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Lost & Found: Karen Karbo on Carolyn See

Okay, Mom, so we meant to give you your present yesterday, but the glitter glue was still wet, and then today when the glitter glue dried, the macaroni and googly eyes fell off… anyway, it’s a work in progress.  How about a Lost & Found instead?  Here’s Karen Karbo on Carolyn See’s Rhine Maidens, a tale of a fraught mother-daughter relationship, California-style.  Need more Karen?  We’re pleased to announced she’ll be part of this year’s Tin House Writer’s Workshop faculty.

Key difference between Wagnerian and Californian Rhine Maidens? The bikinis.

Carolyn See’s 1981 novel Rhine Maidens is not a Lost and Found, but a Found and Kept. Through two moves—one from Los Angeles to Portland Oregon—and one divorce, it’s been with me always. I left the Norton Anthology of English Literature behind, with all my tiny, laborious marginalia, as well as a number of other books I would, if pressed, list as favorites. I don’t even have a copy of my own first novel.

Rhine Maidens was originally published by Putnam’s in 1981. My copy is a trade paperback from the Penguin Contemporary American Fiction series, published in 1983. It had been recommended by a friend, but I was in my early twenties then, and broke. I bought it used for $2.95. My name is written in ostentatiously large black script on the inside cover; I remember writing it just before I lent it to someone. I wrote it to underscore my point: I want this one back. When I started making more money, I would give books I liked away to friends. I figured I could always buy another copy if I wanted it back. But this one has always been precious. I would be lying if I didn’t say that part of the appeal for me was purely nostalgia.

Carolyn See, the author of nine novels and works of non-fiction, including Golden Days (1987), Making History (1991), The Handyman (1995), and the terrific memoir Dreaming: Hard Luck and Good Times in America (1995), writes about California in a way that gets to the heart of a native: what it’s like to drive down Wilshire Boulevard on a foggy midnight. The preternaturally cheerful Brentwood matrons who live to play tennis and have the current PC bumper sticker on their Mercedes station wagon. The God-awful cattle feedlots that skirt I-5 in the hot, dusty dead center of the state.  The Jacaranda trees and night-blooming jasmine.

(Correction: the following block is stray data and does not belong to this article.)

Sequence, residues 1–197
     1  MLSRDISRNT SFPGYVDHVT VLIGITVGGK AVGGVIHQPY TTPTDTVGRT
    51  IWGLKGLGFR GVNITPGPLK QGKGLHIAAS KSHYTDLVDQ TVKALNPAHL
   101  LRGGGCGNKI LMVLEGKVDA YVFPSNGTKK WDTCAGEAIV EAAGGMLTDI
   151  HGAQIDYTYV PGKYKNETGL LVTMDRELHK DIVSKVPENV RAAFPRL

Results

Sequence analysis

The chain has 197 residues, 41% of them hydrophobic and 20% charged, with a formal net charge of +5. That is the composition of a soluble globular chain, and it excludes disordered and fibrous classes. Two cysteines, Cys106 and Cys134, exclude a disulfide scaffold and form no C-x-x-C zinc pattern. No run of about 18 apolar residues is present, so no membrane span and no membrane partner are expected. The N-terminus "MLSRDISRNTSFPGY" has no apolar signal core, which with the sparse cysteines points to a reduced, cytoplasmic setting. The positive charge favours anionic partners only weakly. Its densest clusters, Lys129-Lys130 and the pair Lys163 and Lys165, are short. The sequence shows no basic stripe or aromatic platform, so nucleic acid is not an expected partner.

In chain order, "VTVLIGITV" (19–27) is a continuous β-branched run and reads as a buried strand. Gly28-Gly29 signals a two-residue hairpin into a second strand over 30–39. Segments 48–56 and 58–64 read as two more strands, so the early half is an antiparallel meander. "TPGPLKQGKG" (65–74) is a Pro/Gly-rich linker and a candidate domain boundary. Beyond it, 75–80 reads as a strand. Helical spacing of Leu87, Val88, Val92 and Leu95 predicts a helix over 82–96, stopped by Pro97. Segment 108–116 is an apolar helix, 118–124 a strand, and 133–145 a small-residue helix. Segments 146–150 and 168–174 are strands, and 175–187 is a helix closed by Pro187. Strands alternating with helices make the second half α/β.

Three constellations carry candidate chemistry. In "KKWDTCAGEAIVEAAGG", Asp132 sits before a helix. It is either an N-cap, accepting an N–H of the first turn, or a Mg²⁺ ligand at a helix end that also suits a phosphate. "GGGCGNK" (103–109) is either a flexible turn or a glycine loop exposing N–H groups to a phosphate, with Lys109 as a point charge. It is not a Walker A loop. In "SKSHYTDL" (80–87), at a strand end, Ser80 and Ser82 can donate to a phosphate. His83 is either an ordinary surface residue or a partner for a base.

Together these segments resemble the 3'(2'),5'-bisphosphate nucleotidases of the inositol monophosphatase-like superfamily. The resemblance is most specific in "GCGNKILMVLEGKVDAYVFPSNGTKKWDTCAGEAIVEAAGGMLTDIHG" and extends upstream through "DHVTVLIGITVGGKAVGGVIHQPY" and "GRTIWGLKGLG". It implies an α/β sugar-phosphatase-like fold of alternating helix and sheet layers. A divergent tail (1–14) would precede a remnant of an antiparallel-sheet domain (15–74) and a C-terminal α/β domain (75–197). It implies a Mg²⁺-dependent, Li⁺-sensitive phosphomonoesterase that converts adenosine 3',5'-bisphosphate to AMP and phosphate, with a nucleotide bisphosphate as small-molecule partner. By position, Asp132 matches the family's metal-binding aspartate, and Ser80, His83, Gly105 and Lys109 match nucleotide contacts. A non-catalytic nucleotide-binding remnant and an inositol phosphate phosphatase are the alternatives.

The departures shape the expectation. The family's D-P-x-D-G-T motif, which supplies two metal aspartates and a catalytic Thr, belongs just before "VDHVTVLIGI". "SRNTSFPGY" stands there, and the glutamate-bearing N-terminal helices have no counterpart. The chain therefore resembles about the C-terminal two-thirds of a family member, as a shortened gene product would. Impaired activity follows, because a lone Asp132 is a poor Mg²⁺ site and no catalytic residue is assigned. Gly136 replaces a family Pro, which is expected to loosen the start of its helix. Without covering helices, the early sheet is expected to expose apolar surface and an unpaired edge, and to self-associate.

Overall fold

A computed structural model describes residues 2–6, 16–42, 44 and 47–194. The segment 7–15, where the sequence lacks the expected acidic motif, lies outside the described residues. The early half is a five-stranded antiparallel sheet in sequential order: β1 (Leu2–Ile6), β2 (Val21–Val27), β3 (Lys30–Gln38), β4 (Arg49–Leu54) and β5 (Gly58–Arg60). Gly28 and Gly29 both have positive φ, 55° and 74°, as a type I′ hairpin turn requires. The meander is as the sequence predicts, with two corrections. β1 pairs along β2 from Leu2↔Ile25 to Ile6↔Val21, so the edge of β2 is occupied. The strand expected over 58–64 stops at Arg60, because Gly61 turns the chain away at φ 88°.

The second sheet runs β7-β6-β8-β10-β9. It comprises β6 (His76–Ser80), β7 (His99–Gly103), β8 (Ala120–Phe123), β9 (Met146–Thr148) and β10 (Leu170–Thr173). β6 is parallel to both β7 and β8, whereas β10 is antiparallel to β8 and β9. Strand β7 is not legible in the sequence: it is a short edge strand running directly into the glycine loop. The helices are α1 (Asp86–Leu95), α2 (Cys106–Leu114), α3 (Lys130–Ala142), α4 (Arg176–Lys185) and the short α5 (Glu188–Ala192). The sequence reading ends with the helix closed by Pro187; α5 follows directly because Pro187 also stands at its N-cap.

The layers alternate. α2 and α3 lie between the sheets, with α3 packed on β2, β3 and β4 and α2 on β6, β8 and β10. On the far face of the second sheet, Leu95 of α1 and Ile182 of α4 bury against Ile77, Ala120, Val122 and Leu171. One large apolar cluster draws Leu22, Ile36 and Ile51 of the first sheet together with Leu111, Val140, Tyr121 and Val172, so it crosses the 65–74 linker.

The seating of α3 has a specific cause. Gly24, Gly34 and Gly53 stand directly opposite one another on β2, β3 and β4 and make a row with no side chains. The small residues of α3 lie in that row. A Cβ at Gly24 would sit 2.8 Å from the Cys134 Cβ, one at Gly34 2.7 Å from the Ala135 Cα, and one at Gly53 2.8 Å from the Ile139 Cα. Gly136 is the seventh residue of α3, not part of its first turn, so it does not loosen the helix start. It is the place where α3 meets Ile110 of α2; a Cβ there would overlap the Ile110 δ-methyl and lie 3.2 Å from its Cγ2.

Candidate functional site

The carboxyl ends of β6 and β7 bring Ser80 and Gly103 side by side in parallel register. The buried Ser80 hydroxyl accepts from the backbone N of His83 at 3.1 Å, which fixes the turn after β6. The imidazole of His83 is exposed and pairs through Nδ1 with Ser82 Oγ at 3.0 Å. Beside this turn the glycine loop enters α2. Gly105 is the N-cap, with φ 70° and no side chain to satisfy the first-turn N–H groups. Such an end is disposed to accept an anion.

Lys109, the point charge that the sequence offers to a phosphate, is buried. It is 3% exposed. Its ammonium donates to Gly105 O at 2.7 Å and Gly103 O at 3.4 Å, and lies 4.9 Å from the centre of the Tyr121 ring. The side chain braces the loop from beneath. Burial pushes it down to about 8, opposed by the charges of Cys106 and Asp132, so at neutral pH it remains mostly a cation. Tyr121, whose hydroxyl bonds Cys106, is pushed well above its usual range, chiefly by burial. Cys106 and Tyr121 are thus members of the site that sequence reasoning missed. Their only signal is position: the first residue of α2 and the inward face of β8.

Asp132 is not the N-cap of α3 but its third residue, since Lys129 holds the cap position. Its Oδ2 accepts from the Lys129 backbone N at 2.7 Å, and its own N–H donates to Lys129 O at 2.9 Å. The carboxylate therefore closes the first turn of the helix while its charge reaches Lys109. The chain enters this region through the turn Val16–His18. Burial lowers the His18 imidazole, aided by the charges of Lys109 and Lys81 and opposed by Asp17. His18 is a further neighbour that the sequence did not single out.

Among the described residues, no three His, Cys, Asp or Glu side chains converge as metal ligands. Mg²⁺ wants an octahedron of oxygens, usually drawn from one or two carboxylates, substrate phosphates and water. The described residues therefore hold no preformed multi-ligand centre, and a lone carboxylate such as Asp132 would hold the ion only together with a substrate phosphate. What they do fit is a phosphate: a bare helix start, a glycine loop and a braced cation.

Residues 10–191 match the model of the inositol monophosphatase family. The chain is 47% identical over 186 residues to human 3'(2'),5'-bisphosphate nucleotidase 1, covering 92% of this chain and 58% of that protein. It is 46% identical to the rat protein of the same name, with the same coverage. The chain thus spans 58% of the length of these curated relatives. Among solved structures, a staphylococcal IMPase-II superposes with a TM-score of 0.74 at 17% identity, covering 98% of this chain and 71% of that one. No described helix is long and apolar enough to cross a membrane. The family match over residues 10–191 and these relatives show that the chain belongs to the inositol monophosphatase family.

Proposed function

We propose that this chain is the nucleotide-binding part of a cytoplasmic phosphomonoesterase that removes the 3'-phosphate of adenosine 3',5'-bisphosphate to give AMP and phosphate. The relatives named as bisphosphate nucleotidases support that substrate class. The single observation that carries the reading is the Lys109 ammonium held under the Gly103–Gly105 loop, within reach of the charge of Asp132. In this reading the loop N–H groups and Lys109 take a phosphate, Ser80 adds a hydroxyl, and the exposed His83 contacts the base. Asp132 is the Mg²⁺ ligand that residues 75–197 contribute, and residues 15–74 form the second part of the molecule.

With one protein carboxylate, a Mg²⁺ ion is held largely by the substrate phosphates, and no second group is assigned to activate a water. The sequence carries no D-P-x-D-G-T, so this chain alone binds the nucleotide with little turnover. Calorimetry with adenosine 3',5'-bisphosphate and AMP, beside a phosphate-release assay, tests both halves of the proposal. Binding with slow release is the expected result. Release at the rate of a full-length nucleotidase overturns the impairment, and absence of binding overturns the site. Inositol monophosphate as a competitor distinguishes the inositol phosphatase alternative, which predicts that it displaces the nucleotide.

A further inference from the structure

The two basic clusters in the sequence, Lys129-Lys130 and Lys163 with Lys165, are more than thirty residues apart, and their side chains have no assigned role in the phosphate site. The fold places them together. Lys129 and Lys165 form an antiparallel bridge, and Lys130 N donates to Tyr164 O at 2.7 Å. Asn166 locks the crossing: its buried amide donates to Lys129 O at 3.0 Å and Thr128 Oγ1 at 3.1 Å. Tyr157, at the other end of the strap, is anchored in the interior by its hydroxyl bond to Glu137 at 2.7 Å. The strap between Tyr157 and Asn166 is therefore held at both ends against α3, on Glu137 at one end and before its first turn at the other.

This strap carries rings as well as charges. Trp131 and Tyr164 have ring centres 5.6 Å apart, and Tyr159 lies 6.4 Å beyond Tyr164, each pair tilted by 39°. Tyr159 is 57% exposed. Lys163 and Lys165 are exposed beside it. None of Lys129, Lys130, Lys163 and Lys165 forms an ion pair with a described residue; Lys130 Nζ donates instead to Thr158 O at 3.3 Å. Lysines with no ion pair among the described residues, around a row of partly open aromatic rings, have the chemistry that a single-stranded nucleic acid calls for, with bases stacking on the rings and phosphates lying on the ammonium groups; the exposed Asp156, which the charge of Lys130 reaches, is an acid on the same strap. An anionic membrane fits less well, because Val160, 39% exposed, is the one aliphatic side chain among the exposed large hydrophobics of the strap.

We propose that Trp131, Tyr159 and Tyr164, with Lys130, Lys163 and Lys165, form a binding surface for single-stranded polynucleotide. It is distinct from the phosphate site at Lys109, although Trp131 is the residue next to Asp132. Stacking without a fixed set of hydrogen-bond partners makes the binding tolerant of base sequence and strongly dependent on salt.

There are more objective reasons See’s second novel remains a great read twenty years after its publication. (Even references to est don’t seem to date it much.) The zippy pacing; the mix of hilarity and poignancy that rivals Lorrie Moore; the timeless familial angst writ large on every page. Rhine Maidens is a mother-daughter smackdown, told in kicking-and-spitting double narratives. Grace is the mother, a sixty-three year old divorcee and widow living in Coalinga, one of those scorched Central California towns surrounded by oil wells. Tumbleweeds and sand blow against the side of Grace’s shabby rent-controlled apartment, scorpions show up daily in her tub. Grace was beautiful at twenty, and it’s been downhill ever since. Her first husband left her; her second husband was a drunk who up and died. Life hasn’t been fun since sometime in the ‘40s, when she used to go dancing at the Ambassador Hotel. Her narrative is addressed to her best friend, Pearl, long dead.